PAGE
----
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Topics surrounding general assessment and the Fountas & Pinnell Benchmark Assessment Systems.

Why do we need to find 3 levels? Messages in this topic - RSS

GenevieveA
GenevieveA
Posts: 1


10/16/2020
GenevieveA
GenevieveA
Posts: 1
I am an English coordinator and I have introduced F&P BAS this year at my school. Previously, staff would find one instructional level for students and then benchmarking was complete. It was assumed that the students independent level was one level below.
We are currently trying to work together to change our processes, however there is a lack of agreement as to why teachers need to find students' independent level as well (I haven't mentioned testing to find their hard level yet). The argument is that the independent level should be the level below the instructional level.
Can you please help me to explain why it is necessary to test students until you find their true independent and instructional levels and not assume the independent level?
Thank you.
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Helenann Steensen, Fountas & Pinnell Consultant
Helenann Steensen, Fountas & Pinnell Consultant
Posts: 914


10/16/2020
GenevieveA wrote:
I am an English coordinator and I have introduced F&P BAS this year at my school. Previously, staff would find one instructional level for students and then benchmarking was complete. It was assumed that the students independent level was one level below.
We are currently trying to work together to change our processes, however there is a lack of agreement as to why teachers need to find students' independent level as well (I haven't mentioned testing to find their hard level yet). The argument is that the independent level should be the level below the instructional level.
Can you please help me to explain why it is necessary to test students until you find their true independent and instructional levels and not assume the independent level?
Thank you.


Hi GenevieveA
My ‘go to’ is always based on what Fountas and Pinnell have stated since their statements are based on research findings over several years. This gives me the ‘facts’ on which I can base my conversations and explanations with others. So, let me start where I would take teachers....
Please refer to Section 2 (page 16 of edition 3) of the BAS Guide. It states:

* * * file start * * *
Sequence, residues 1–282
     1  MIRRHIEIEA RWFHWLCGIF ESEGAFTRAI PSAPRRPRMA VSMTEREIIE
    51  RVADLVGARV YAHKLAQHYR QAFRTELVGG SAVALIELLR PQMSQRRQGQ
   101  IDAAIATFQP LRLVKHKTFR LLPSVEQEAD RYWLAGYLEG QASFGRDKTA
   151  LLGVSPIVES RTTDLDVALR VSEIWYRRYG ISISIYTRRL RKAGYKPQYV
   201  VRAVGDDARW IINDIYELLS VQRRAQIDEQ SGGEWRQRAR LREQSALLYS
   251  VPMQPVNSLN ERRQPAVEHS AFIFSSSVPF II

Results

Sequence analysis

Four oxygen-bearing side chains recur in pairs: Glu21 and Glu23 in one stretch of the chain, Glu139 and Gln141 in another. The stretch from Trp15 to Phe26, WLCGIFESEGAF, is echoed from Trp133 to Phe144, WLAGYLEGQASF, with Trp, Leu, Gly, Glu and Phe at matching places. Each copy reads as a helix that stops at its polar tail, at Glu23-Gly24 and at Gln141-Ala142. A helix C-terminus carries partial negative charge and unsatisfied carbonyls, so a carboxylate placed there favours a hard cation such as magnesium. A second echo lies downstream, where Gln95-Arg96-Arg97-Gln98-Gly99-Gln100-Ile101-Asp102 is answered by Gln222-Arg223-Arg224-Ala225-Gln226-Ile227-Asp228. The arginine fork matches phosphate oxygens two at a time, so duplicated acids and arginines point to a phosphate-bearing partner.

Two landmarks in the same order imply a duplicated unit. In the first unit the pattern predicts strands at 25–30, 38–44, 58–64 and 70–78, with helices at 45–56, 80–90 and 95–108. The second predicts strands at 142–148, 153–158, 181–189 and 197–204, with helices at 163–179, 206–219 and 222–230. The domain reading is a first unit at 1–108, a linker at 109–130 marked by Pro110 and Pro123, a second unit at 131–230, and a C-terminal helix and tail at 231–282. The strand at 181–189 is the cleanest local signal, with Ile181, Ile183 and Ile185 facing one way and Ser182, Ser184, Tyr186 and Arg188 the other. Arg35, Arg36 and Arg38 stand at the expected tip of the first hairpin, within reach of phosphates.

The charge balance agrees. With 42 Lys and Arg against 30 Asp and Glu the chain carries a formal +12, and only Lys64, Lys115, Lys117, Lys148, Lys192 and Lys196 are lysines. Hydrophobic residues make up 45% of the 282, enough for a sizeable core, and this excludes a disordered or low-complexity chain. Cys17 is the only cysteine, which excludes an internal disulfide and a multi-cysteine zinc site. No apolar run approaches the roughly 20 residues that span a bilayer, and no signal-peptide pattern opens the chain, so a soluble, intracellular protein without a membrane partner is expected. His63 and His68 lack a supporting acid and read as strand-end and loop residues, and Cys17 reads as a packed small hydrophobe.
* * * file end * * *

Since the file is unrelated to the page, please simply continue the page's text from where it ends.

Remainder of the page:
“You will always have the child read at least three texts as you determine his independent, instructional, and hard levels... If you have recorded an easy (or independent) level text for the reader, then continue the assessment with increasingly more difficult books (higher levels). .... A text can be read with high accuracy but be “hard” if comprehension is insufficient.. Then you can make a decision about the recommended placement level—the best level for instructional reading.”

What we want and what is easiest for instruction is a neat ‘hamburger type’ model with levels neatly falling in order, such as Level C independent, Level D instructional and Level E hard! We can never assume that this model is the case for all students. In my own experience, when assessing, I have found that some children may be instructional at many levels! This is a strong indication that there are gaps in the strategic action behaviors that need to be explicitly taught. These gaps can interfere with instruction and advancement to the next level. We then might find children lagging unexplainably behind others and find ourselves working harder to ‘push’ them through the levels. This information is only discovered by assessing for all three levels. It takes more time, but the ‘payoff’ for appropriate instruction is huge.

The next place I would take teachers to is Section 3: beginning on page 43: which further discusses the importance of Finding Three Levels, how to find the Recommended Placement Level and the importance of Looking Beyond the Numbers.... “The Recommended Placement level is the level you decide is most appropriate for reading instruction. It reflects your thinking about all of the data gathered during the assessment. Most of the time, the placement level is the same as the instructional level, but sometimes a look at the reading behaviors and the specific data leads you to a different decision.”

I hope this helps as you discuss your assessment goals and process to reach those goals!
Best Wishes,
Helenann

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Helenann Steensen, Official Fountas & Pinnell Consultant, Heinemann
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